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Investigation of nonsynonymous mutations in the spike protein of SARS-CoV-2 and its interaction with the ACE2 receptor by molecular docking and MM/GBSA approach.
Comput Biol Med. 2021 08; 135:104654.CB

Abstract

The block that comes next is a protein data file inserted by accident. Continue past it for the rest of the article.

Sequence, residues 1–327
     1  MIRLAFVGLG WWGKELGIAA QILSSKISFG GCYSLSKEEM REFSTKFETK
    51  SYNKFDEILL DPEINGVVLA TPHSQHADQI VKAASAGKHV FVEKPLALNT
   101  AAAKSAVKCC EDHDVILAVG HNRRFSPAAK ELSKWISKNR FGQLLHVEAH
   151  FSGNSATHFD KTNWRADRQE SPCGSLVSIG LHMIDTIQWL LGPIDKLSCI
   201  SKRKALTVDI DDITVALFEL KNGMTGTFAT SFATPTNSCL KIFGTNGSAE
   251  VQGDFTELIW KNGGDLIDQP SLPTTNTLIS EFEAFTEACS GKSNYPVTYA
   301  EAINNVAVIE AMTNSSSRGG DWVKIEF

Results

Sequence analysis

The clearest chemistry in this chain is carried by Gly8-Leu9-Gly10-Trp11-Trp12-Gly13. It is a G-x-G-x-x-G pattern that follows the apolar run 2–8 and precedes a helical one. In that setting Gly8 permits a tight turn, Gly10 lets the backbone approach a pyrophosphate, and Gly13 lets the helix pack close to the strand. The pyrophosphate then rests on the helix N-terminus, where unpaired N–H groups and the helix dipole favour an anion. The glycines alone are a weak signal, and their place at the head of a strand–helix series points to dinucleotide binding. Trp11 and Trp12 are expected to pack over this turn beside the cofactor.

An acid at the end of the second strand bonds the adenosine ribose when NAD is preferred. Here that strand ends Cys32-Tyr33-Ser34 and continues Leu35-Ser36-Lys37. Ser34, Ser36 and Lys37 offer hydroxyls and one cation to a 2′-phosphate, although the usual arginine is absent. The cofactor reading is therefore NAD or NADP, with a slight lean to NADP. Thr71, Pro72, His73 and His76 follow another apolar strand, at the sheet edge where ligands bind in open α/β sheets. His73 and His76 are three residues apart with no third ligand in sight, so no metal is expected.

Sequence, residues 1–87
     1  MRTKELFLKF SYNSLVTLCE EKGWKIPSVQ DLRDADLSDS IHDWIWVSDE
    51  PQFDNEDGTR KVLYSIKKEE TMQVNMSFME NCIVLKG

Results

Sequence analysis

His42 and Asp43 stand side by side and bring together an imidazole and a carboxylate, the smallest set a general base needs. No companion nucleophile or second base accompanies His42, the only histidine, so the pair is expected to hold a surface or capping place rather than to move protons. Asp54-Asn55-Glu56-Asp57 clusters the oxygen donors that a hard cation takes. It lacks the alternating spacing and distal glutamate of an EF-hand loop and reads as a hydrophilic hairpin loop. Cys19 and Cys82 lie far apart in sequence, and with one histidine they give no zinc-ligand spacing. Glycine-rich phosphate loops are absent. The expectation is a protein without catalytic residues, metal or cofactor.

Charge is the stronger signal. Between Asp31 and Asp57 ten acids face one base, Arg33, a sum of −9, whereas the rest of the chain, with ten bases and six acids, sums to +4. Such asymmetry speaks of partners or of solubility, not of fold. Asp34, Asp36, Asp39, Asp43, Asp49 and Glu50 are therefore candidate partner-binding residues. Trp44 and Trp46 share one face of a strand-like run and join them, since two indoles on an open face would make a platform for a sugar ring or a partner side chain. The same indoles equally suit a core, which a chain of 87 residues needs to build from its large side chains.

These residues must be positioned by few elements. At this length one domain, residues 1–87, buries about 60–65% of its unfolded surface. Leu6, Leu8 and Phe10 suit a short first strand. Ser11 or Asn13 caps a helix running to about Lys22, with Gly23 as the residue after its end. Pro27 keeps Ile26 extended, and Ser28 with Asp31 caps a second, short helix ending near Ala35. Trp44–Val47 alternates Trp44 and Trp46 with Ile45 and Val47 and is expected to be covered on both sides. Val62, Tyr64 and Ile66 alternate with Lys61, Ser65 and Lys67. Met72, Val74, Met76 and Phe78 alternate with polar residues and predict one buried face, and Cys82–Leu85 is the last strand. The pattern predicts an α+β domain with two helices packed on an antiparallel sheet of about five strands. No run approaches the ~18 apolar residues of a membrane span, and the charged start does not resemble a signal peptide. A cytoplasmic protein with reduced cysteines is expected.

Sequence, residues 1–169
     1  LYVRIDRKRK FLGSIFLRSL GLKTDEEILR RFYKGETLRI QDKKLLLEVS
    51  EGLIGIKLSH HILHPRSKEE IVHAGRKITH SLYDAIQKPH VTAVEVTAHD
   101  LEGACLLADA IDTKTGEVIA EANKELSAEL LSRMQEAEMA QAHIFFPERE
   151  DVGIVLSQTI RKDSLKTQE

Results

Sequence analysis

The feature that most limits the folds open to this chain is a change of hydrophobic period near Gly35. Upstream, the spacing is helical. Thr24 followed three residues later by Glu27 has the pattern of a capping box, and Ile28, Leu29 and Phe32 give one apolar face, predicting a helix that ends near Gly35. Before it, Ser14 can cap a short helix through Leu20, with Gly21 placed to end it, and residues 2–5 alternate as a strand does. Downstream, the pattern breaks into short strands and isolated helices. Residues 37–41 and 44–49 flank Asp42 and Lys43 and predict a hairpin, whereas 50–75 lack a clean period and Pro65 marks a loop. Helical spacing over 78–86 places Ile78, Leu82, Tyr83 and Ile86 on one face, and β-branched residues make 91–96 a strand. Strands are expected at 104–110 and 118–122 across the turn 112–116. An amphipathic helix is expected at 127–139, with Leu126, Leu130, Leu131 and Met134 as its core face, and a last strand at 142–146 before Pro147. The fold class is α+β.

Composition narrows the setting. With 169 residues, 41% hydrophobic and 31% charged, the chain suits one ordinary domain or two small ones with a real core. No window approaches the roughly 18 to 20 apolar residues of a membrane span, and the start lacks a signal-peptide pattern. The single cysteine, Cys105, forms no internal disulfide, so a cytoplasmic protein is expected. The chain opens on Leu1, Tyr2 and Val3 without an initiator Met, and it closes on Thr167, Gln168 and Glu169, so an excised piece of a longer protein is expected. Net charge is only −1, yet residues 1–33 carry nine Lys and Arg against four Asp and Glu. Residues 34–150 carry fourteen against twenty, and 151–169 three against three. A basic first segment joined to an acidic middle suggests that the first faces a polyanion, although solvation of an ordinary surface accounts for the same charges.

COVID-19 is an infectious and pathogenic viral disease caused by SARS-CoV-2 that leads to septic shock, coagulation dysfunction, and acute respiratory distress syndrome. The spreading rate of SARS-CoV-2 is higher than MERS-CoV and SARS-CoV. The receptor-binding domain (RBD) of the Spike-protein (S-protein) interacts with the human cells through the host angiotensin-converting enzyme 2 (ACE2) receptor. However, the molecular mechanism of pathological mutations of S-protein is still unclear. In this perspective, we investigated the impact of mutations in the S-protein and their interaction with the ACE2 receptor for SAR-CoV-2 viral infection. We examined the stability of pathological nonsynonymous mutations in the S-protein, and the binding behavior of the ACE2 receptor with the S-protein upon nonsynonymous mutations using the molecular docking and MM_GBSA approaches. Using the extensive bioinformatics pipeline, we screened the destabilizing (L8V, L8W, L18F, Y145H, M153T, F157S, G476S, L611F, A879S, C1247F, and C1254F) and stabilizing (H49Y, S50L, N501Y, D614G, A845V, and P1143L) nonsynonymous mutations in the S-protein. The docking and binding free energy (ddG) scores revealed that the stabilizing nonsynonymous mutations show increased interaction between the S-protein and the ACE2 receptor compared to native and destabilizing S-proteins and that they may have been responsible for the virulent high level. Further, the molecular dynamics simulation (MDS) approach reveals the structural transition of mutants (N501Y and D614G) S-protein. These insights might help researchers to understand the pathological mechanisms of the S-protein and provide clues regarding mutations in viral infection and disease propagation. Further, it helps researchers to develop an efficient treatment approach against this SARS-CoV-2 pandemic.